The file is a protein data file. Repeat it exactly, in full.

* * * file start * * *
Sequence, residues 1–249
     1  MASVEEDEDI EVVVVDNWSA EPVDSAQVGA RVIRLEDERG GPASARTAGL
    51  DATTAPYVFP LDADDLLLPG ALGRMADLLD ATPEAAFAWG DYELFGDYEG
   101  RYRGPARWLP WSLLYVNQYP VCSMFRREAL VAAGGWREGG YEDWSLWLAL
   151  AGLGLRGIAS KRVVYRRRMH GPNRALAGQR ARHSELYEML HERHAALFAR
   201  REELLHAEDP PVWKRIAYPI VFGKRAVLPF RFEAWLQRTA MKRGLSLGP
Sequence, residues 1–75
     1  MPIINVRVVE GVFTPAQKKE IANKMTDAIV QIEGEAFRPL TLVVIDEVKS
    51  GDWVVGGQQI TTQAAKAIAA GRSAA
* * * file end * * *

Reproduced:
Sequence, residues 1–249
     1  MASVEEDEDI EVVVVDNWSA EPVDSAQVGA RVIRLEDERG GPASARTAGL
    51  DATTAPYVFP LDADDLLLPG ALGRMADLLD ATPEAAFAWG DYELFGDYEG
   101  RYRGPARWLP WSLLYVNQYP VCSMFRREAL VAAGGWREGG YEDWSLWLAL
   151  AGLGLRGIAS KRVVYRRRMH GPNRALAGQR ARHSELYEML HERHAALFAR
   201  REELLHAEDP PVWKRIAYPI VFGKRAVLPF RFEAWLQRTA MKRGLSLGP
Sequence, residues 1–75
     1  MPIINVRVVE GVFTPAQKKE IANKMTDAIV QIEGEAFRPL TLVVIDEVKS
    51  GDWVVGGQQI TTQAAKAIAA GRSAA